R. Stern: You are asking me an awful lot of questions. People who have a talent or skill very often find their way into places or positions of responsibility in any field. First of all, I don’t like the work architecture as an industry, it’s a profession. If a student in an architecture school is allowed to pursue for two or three years of his/her time some narrow focus, urban housing or something like that, I would say that that student is being misled. Architecture school is so short, it used to be longer, even when I was in school it was four years, after four years of college. So, I think you need to be challenged from different sides. I can only speak of how we do it in Yale because we have a core curriculum, of course, we learn basics, we try to introduce the idea of habitation as a concept in one term, small public buildings as a responsibility and a challenge for architects, and a way to get their hands on certain complex relationships. We have a term called urbanism where we have students do what you might call urban design (but we don’t like that term because it’s a misused term), and then we have advanced studios where they are these famous professors who come in and you can take a class with Frank Gehry, Zaha Hadid, Jaquelin Robertson, and Demetri Porphyrios. That’s how we do it.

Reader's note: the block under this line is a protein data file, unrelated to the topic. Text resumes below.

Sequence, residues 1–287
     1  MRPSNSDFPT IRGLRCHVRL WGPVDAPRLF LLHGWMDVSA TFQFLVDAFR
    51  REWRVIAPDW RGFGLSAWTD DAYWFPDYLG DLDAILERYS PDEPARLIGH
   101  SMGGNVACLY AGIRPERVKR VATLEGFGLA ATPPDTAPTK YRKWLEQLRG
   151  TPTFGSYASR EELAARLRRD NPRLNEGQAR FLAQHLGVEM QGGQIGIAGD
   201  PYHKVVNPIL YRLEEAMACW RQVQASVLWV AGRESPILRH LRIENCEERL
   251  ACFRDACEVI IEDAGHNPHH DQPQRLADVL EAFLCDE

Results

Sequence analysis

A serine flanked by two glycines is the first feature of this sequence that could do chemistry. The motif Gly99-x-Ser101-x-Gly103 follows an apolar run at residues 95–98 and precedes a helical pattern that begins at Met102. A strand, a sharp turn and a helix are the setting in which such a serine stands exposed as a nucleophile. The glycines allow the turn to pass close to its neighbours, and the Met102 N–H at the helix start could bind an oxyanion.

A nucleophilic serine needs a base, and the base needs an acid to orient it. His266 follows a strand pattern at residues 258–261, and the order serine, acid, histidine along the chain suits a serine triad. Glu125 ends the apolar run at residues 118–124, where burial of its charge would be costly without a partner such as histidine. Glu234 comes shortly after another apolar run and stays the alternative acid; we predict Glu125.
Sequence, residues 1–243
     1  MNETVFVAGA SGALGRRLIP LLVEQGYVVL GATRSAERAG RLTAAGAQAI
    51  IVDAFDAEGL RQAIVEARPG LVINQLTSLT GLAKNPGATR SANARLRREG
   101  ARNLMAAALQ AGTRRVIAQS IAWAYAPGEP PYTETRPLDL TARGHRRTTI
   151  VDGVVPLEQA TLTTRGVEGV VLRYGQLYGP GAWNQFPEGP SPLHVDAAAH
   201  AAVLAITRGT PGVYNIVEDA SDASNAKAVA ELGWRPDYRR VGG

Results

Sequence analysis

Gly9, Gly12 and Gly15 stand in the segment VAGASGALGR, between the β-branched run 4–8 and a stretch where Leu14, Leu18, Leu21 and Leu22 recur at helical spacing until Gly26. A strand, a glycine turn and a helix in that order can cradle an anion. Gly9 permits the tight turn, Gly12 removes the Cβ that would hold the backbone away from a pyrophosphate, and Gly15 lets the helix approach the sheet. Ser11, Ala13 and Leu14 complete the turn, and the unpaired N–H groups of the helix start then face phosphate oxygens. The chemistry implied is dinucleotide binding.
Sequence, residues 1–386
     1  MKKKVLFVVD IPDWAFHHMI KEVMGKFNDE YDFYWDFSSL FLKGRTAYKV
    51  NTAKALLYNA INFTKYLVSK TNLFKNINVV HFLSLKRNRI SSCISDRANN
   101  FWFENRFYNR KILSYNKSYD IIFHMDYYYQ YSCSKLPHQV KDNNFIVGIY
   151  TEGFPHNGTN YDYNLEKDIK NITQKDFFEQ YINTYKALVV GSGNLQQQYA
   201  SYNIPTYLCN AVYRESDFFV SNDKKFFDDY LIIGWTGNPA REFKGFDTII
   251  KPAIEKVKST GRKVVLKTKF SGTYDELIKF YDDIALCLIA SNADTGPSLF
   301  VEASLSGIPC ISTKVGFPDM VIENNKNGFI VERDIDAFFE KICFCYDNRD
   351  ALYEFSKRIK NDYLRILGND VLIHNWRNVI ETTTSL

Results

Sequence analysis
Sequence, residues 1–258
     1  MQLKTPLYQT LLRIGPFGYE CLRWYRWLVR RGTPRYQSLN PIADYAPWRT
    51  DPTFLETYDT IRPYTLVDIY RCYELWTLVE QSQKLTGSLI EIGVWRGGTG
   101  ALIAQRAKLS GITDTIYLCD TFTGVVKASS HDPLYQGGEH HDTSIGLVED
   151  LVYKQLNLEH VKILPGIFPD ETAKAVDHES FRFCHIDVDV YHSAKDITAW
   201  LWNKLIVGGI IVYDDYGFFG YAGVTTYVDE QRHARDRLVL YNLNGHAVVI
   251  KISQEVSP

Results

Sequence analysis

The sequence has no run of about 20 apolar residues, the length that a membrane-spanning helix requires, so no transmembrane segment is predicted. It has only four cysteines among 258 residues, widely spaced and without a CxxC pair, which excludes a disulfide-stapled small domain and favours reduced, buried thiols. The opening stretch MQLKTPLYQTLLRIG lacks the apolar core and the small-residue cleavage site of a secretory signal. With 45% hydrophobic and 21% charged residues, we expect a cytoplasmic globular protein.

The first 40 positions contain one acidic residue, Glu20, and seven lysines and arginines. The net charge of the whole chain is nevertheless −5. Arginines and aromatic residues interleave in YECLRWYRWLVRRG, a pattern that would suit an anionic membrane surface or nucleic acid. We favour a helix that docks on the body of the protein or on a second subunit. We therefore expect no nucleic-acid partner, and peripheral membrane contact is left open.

You are asking a person who is a generalist likely to succeed in the profession. Well, I would say the first thing is that, in school you learn how to think about architecture, you learn certain working methodologies, you learn how to draw, and you learn how to run a computer these days, and you learn the craft and some of the art of architecture. But I do not believe that schools should substitute for professional education. So the first and most important thing a student has to do when he/she leaves school is get the right job. Students don’t always get the right job. They don’t always listen to old guys like me, and I didn’t always listen to old guys when I was a student either.
AJ: What is the right job?